PAL: Perspectives in American Literature - A Research and Reference Guide

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Johnson, Thomas H., ed. Complete Poems. Boston: Llittle, Brown, 1960. PS1541 .A1

 

101

Will there really be a "Morning"?

Is there such a thing as "Day"?

Could I see it from the mountains

If I were as tall as they?

Has it feet like Water lilies?

Has it feathers like a Bird?

Is it brought from famous countries

Of which I have never heard?

Oh some Scholar! Oh some Sailor!

Oh some Wise Men from the skies!

Please to tell a little Pilgrim

Where the place called "Morning" lies!

102

Great Caesar! Condescend

The Daisy, to receive,

Gathered by Cato’s Daughter,

With your majestic leave!

103

I have a King, who does not speak --

So -- wondering -- thro’ the hours meek

I trudge the day away --

Half glad when it is night, and sleep,

If, haply, thro’ a dream, to peep

In parlors, shut by day.

And if I do -- when morning comes --

It is as if a hundred drums

Did round my pillow roll,

And shouts fill all my Childish sky,

And Bells keep saying "Victory"

From steeples in my soul!

And if I don’t -- the little Bird

Within the Orchard, is not heard,

And I omit to pray

"Father, thy will be done" today

For my will goes the other way,

And it were perjury!

104

Where I have lost, I softer tread --

I sow sweet flower from garden bed --

I pause above that vanished head

And mourn.

Whom I have lost, I pious guard

From accent harsh, or ruthless word --

Feeling as if their pillow heard,

Though stone!

When I have lost, you’ll know by this --

A Bonnet black -- A dusk surplice --

A little tremor in my voice Like this!

Why, I have lost, the people know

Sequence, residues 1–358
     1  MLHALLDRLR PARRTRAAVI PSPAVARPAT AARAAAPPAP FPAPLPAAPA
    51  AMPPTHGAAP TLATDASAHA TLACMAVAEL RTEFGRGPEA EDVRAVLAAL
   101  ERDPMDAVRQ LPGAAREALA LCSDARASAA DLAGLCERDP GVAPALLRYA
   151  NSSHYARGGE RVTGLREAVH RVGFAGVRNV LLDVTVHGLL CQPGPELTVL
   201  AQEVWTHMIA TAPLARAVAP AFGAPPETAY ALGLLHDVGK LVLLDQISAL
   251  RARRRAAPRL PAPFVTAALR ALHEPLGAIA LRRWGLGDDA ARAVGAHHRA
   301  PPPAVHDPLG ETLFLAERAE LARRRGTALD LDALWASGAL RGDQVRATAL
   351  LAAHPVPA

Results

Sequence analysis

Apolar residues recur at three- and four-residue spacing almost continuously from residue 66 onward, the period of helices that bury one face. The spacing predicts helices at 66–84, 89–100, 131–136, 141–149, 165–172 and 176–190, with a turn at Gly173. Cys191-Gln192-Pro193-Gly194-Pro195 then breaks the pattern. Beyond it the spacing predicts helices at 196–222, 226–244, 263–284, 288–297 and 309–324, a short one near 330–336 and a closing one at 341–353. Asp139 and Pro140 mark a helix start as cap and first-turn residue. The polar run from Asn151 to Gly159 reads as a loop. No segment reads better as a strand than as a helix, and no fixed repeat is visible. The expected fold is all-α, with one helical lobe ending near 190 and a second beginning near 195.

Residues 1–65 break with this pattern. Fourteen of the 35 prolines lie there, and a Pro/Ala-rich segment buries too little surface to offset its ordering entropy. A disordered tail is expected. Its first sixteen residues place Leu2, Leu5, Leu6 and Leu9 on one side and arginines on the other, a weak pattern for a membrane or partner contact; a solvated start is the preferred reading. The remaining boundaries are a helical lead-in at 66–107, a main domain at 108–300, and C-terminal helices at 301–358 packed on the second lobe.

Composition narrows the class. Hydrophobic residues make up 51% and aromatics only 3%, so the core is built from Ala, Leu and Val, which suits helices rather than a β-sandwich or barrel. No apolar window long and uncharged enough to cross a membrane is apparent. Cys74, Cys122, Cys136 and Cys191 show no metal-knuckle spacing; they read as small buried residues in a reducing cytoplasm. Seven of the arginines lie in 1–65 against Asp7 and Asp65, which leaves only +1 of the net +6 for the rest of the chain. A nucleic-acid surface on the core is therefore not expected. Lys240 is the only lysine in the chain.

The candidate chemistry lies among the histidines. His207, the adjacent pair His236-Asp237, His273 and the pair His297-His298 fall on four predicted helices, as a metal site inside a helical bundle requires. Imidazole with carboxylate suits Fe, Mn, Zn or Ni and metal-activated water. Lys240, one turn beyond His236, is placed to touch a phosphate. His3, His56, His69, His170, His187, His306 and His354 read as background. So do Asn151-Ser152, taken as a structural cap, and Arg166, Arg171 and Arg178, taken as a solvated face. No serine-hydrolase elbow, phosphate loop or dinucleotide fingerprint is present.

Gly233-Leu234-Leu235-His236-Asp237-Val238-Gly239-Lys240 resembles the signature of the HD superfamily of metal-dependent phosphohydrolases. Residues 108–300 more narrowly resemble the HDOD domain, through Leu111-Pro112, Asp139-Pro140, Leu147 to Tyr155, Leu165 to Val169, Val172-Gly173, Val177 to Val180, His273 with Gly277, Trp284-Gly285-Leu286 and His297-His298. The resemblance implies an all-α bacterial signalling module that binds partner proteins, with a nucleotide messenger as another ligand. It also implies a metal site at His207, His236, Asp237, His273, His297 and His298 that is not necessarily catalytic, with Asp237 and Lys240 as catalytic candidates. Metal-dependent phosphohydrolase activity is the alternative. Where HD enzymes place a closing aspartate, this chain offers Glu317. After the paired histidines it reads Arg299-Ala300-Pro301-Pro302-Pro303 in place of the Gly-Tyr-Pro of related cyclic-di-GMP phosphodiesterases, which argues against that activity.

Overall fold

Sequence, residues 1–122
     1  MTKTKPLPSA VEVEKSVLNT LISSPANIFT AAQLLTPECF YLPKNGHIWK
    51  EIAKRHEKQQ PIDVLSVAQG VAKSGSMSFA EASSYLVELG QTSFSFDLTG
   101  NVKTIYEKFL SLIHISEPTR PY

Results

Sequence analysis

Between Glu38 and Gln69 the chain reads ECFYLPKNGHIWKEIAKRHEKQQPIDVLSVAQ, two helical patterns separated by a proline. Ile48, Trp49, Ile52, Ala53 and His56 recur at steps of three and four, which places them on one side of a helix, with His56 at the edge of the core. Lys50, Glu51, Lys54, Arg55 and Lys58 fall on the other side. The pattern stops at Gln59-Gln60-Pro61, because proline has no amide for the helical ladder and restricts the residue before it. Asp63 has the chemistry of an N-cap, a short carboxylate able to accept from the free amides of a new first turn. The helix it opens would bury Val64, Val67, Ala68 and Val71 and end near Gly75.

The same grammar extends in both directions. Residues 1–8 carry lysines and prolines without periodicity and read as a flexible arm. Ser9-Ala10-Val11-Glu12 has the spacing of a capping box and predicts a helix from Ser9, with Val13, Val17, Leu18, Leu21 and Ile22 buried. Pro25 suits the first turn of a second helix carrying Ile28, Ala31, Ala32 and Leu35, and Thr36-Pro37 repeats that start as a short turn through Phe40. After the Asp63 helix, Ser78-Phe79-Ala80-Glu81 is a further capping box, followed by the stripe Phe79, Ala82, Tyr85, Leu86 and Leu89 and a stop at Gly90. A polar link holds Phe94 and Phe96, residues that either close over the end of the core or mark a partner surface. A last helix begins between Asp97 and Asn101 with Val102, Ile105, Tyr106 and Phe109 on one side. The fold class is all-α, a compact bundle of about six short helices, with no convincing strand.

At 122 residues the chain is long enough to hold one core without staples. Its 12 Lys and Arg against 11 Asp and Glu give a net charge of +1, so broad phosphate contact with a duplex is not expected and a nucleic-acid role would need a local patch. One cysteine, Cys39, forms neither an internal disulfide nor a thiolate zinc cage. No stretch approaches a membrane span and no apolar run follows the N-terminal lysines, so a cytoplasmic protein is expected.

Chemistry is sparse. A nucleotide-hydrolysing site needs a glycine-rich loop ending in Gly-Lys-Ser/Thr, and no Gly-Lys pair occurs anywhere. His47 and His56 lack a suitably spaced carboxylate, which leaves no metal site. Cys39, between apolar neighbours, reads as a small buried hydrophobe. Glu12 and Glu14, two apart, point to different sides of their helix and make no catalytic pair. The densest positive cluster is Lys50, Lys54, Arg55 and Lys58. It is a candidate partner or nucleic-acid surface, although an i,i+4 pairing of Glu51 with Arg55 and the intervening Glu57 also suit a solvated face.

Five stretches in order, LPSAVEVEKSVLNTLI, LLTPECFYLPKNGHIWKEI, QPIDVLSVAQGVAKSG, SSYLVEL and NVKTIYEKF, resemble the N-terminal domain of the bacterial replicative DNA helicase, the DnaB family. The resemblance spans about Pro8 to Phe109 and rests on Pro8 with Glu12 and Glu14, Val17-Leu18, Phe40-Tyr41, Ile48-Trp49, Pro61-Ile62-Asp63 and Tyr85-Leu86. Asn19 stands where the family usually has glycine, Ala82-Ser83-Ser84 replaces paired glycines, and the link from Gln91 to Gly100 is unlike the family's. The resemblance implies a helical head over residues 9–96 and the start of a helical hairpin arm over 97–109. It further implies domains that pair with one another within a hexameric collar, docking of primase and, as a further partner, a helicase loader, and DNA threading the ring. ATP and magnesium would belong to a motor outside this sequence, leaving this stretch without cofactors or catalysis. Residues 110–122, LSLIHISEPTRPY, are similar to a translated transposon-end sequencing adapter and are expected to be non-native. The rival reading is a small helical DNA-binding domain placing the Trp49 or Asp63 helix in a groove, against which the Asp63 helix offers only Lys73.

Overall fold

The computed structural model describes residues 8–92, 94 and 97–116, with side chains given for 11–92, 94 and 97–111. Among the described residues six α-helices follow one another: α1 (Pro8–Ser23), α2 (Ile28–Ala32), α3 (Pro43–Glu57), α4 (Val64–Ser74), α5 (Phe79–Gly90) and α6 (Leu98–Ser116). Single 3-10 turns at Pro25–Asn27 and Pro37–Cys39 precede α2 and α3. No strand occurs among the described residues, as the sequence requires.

Who dressed in flocks of purest snow

Went home a century ago

Next Bliss!

105

To hang our head -- ostensibly --

And subsequent, to find

That such was not the posture

Of our immortal mind --

Affords the sly presumption

That in so dense a fuzz --

You -- too -- take Cobweb attitudes

Upon a plane of Gauze!

106

The Daisy follows soft the Sun --

And when his golden walk is done --

Sits shyly at his feet --

He -- waking -- finds the flower there --

Wherefore -- Marauder -- art thou here?

Because, Sir, love is sweet!

We are the Flower -- Thou the Sun!

Forgive us, if as days decline --

We nearer steal to Thee!

Enamored of the parting West --

The peace -- the flight -- the Amethyst --

Night’s possibility!

107

‘Twas such a little -- little boat That toddled down the bay!

‘Twas such a gallant -- gallant sea

That beckoned it away!

‘Twas such a greedy, greedy wave

That licked it from the Coast --

Nor ever guessed the stately sails

My little craft was lost!

108

Surgeons must be very careful

When they take the knife!

Underneath their fine incisions

Stirs the Culprit -- Life!

109

By a flower -- By a letter --

By a nimble love --

If I weld the Rivet faster --

Final fast -- above --